Food Avoidance Diets for Dermatitis

Jeffrey F. Scott, Margaret I. Hammond, Susan T. Nedorost

Research output: Contribution to journalReview articlepeer-review

3 Scopus citations


Food allergy is relatively common in both children and adults, and its prevalence is increasing. Early exposure of food allergens onto skin with an impaired epidermal barrier predisposes to sensitization and prevents the development of oral tolerance. While immediate-type food allergies are well described, less is known about delayed-type food allergies manifesting as dermatitis. This is due, in part, to limitations with current diagnostic testing for delayed-type food allergy, including atopy patch testing. We conducted a systematic review of food avoidance diets in delayed-type food allergies manifesting as dermatitis. While beneficial in some clinical circumstances, avoidance diets should be used with caution in infants and children, as growth impairment and developmental delay may result. Ultimately, dermatitis is highly multifactorial and avoidance diets may not improve symptoms of delayed-type food allergy until combined with other targeted therapies, including restoring balance in the skin microbiome and re-establishing proper skin barrier function.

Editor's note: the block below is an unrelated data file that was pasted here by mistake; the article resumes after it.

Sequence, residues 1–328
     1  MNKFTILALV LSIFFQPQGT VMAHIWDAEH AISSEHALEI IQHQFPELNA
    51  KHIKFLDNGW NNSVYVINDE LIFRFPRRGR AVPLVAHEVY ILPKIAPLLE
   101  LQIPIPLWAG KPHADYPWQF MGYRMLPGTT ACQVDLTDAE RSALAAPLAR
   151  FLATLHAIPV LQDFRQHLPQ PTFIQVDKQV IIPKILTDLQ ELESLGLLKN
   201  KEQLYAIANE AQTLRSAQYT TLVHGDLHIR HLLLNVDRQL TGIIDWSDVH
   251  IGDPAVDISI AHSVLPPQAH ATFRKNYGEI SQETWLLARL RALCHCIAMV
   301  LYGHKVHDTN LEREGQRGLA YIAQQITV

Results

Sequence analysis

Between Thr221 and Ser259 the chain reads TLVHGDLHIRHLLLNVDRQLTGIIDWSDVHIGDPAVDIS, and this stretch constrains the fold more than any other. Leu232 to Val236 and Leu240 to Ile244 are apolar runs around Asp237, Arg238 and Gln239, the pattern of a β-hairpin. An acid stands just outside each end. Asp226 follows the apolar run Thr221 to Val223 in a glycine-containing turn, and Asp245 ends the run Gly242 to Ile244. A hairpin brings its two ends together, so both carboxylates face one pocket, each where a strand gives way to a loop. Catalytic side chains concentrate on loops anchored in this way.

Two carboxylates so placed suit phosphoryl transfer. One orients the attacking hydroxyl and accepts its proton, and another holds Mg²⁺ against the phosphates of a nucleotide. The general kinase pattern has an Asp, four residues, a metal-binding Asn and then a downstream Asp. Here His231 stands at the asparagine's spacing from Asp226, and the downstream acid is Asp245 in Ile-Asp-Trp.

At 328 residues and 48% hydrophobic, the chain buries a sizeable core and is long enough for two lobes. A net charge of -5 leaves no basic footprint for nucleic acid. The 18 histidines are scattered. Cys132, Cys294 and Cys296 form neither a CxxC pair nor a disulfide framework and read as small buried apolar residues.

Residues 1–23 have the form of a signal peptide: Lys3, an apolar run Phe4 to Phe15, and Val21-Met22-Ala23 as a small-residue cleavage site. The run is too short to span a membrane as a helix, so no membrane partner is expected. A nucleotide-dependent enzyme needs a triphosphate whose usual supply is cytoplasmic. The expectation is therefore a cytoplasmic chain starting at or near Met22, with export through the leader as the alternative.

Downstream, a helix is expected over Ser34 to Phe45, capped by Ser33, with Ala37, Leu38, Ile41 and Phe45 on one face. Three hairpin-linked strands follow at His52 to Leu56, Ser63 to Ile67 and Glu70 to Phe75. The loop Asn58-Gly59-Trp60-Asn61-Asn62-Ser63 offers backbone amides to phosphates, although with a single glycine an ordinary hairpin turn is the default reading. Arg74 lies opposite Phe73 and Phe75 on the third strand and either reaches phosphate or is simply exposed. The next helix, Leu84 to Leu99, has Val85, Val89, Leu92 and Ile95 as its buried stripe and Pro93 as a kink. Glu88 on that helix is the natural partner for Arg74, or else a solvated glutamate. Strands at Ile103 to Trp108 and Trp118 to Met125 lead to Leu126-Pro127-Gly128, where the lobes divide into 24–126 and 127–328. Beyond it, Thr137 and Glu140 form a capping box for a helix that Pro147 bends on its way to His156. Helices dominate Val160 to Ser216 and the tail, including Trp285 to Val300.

Original languageEnglish (US)
Article number60
JournalCurrent allergy and asthma reports
Issue number10
StatePublished - Oct 26 2015
Externally publishedYes


  • Atopic dermatitis
  • Avoidance diet
  • Delayed-type food allergy
  • Food sensitization
  • Systematic review
  • Systemic contact dermatitis

ASJC Scopus subject areas

  • Immunology and Allergy
  • Immunology
  • Pulmonary and Respiratory Medicine


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